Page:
THOMAS SCHÜTTE

(b. 1954, Oldenburg, lives and works in Düsseldorf)

“Fundamentally, my works are almost always in the nature of a proposal, and first exist in the form of models, and are constructed—or not—after that.” Thomas Schütte (1987)

Schütte is internationally recognized as a sculptor, but he was originally educated in “advance pictorial modes and radical critiques of painting’s identity and autonomy” at the infamous Kunstakademie Düsseldorf. The conceptual playfulness that underpins his early work, later darkened to offer a deeply baleful tone, as his preoccupations about the gravity of the human condition in general, as well as the cultural, social and political elements of everyday life increasingly informed his work. Schütte has addressed both recent German history and current world matters with a protean engagement employing different sculptural modes, styles, forms, materials and techniques throughout his career.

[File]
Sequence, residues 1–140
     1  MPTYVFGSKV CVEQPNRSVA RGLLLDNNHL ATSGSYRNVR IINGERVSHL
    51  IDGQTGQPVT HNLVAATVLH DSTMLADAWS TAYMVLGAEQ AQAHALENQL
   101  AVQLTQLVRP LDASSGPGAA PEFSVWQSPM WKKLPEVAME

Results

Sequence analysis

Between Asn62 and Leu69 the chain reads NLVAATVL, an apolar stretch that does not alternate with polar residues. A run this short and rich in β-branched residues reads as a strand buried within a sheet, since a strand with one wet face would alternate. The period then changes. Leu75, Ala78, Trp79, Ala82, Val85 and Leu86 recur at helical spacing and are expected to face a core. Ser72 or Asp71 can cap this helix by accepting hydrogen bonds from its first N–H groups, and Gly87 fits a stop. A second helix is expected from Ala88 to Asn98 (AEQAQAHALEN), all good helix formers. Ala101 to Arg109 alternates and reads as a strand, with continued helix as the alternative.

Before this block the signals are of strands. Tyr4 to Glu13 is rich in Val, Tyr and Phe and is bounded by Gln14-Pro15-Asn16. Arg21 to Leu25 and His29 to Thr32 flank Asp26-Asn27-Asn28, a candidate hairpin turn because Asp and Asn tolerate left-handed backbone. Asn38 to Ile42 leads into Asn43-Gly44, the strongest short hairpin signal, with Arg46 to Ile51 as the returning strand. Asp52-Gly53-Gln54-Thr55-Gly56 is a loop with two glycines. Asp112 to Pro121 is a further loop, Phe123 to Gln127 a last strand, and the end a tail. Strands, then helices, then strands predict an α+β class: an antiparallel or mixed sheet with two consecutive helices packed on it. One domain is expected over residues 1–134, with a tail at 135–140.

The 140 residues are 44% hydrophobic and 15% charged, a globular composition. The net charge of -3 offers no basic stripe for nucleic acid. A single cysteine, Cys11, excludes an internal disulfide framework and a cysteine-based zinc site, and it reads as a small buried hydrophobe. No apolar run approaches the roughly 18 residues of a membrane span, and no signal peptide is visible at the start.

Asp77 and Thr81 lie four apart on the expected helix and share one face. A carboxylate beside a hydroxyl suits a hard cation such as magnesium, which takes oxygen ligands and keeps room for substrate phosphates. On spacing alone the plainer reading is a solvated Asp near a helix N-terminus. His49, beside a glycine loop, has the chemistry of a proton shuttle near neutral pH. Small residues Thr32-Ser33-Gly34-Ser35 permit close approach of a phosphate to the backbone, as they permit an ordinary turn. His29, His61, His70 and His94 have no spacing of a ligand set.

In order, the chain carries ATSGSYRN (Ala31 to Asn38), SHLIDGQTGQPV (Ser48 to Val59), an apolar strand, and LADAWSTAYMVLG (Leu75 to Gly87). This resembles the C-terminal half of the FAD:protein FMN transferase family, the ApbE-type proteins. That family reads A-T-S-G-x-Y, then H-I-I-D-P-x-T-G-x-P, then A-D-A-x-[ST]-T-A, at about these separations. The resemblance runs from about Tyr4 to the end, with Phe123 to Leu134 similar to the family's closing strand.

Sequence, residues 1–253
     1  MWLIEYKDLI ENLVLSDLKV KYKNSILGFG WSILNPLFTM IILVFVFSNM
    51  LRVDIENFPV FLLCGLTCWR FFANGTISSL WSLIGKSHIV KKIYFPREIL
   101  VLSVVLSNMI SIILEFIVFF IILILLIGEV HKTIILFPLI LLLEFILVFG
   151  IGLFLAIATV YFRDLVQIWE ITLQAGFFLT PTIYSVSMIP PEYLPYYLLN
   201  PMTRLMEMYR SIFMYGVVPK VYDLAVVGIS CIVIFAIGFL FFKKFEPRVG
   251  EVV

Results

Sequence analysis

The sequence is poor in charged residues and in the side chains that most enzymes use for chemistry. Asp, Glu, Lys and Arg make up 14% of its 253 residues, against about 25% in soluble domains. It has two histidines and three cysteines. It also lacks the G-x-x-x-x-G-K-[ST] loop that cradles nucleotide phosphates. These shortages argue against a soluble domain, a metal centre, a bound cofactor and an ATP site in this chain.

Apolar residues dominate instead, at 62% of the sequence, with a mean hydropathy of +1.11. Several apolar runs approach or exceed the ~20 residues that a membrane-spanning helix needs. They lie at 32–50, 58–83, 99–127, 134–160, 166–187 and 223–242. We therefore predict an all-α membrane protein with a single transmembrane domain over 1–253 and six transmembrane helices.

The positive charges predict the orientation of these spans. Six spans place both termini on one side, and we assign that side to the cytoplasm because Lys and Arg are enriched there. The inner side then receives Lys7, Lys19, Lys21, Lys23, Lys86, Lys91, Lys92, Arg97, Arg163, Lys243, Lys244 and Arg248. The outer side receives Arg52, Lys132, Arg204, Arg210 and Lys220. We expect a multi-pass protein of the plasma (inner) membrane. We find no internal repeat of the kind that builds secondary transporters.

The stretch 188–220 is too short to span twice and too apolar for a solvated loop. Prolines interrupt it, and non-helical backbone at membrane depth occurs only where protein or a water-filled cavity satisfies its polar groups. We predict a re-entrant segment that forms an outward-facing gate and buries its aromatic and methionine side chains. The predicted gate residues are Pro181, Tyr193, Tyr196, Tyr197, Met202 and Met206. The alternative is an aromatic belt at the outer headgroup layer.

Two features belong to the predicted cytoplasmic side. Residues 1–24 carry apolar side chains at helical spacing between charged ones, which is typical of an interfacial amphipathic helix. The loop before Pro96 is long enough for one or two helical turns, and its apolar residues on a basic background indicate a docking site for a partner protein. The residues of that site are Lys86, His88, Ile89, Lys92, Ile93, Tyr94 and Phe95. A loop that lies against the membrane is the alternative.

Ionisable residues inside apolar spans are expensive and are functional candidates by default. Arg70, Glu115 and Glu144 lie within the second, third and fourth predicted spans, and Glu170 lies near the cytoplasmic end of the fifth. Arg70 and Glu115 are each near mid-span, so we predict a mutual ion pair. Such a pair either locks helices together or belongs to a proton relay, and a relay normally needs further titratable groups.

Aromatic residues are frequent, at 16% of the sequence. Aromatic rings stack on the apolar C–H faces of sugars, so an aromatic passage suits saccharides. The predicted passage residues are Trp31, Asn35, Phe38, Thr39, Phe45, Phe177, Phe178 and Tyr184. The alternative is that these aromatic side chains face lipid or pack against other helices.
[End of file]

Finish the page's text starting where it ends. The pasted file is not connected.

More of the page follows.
Athener Tagebuch [Athens Diary], 1984, is a suite of 144 drawings that Schütte executed while spending several weeks in Greece in 1984 for a gallery exhibition. While it takes the form of a visual diary, the work avoids a biographical revelation. Rapid sketches, lists, proposals, plans, observations, and notations for the upcoming exhibition and for future works, including civic sculpture, coexist alongside homages to artist friends and mentors and to the modest pleasures of daily existence. Many of these works are based on watercolors, which he himself regards as a kind of “gymnastic warm-up.”
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